In the project I am working on right now, we have what we call challenges. Challenges have members and participants. Members are everyone who has access to the challenge (which can be both single users or groups of users), and participants track statistics about participation on a per user basis.
Challenge participants are recalculated each time a new challenge member is added. This happens event-based, so that challenge member triggers a
created event, which challenge participant listens for.
The problem arises when two challenge members are created at the same time, meaning the event is also triggered twice, and two executions of the code runs concurrently. To illustrate:
challenge.getMembers(); challenge.getParticipants(); // calculations foreach member not in participants, create participant
As said, the problem arises when the above code is running concurrently, more specifically when the second executions reaches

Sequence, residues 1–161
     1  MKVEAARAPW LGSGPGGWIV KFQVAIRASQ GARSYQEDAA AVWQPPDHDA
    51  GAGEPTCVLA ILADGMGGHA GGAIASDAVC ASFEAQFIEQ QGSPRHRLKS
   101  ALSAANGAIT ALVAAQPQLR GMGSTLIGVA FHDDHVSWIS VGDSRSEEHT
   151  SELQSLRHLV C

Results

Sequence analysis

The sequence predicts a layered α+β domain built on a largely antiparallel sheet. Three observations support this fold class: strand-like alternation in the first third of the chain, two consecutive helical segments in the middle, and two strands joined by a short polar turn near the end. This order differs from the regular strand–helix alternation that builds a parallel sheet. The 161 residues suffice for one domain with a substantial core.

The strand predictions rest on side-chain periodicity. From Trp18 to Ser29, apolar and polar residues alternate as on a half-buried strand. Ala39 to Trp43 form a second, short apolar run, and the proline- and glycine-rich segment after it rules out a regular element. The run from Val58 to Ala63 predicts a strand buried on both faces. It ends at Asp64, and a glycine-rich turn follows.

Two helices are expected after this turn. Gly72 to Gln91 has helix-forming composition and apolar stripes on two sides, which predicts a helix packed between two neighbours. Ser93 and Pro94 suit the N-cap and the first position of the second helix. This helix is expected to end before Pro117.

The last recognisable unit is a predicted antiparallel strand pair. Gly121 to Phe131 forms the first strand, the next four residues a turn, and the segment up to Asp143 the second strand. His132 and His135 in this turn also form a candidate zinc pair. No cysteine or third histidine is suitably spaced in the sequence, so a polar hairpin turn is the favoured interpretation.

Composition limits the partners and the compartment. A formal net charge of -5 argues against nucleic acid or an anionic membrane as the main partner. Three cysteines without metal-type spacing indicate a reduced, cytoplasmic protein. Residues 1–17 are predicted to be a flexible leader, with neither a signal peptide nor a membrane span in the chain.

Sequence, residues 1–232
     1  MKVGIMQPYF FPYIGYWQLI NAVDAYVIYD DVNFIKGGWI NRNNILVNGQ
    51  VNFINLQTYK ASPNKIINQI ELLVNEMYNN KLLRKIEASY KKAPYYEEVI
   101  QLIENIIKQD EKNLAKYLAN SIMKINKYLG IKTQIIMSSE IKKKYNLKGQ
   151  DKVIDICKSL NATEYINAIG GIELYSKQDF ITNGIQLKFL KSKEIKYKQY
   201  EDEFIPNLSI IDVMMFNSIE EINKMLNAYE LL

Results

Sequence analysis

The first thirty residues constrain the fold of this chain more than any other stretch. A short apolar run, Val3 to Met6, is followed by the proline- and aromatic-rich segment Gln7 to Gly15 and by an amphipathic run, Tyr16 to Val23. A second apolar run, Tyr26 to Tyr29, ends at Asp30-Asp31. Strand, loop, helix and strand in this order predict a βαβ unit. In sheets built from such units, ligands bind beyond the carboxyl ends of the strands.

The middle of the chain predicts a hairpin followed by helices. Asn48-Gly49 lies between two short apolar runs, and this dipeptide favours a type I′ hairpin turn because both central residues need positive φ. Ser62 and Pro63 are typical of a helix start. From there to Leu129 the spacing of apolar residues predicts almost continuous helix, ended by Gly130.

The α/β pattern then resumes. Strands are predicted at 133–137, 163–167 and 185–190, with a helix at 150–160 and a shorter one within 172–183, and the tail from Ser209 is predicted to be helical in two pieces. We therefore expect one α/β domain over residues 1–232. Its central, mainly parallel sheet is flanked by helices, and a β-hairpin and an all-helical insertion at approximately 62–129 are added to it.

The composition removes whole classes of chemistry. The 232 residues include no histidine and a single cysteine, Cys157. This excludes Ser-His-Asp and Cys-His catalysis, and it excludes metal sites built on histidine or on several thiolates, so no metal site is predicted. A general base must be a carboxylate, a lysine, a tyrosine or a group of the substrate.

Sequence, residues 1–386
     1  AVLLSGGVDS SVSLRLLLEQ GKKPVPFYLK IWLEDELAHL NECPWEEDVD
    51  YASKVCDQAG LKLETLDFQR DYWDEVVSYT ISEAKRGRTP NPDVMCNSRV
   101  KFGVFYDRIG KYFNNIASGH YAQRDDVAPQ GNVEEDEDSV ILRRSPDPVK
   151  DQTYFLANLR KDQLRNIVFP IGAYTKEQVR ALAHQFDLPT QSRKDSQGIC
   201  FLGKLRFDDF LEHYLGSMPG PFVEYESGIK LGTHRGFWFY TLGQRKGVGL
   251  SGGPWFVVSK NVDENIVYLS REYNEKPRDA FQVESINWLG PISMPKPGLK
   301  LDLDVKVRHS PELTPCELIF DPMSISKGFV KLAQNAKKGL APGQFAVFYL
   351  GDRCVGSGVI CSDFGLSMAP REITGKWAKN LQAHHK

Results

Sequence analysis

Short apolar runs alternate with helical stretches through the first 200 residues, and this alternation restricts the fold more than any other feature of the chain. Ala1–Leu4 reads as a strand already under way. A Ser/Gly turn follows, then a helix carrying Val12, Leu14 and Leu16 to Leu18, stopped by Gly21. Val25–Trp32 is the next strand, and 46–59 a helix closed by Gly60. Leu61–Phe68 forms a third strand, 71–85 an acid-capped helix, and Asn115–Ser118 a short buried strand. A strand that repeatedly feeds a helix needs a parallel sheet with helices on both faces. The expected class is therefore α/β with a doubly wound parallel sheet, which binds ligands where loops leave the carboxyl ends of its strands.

getParticipants before the first has created the participant entries there were missing. Both executions see that some participants are missing, and creates them. This means that we now have duplicate entries of challenge participant for some users.
Right now our solution to this problem is to have a unique index on
challenge_id, user_id in challenge participant. It does feel a bit dirty however to just ignore the error when violating the constraint. It also makes it harder to check for other SQL errors, since all errors are just passed to the callback, and we would then have to check the content of the error string to see whether it was an error we like (uniqueness violation), or an error we don't like (such as bad syntax), that should be handled.
This code will run on several servers, so even with mutices we are not guaranteed that the code will not run concurrently. We also don't mind it running concurrently for different challenges, as long as it does not run concurrently for the same challenge. Does anyone have suggestions for handling concurrent merges of this type?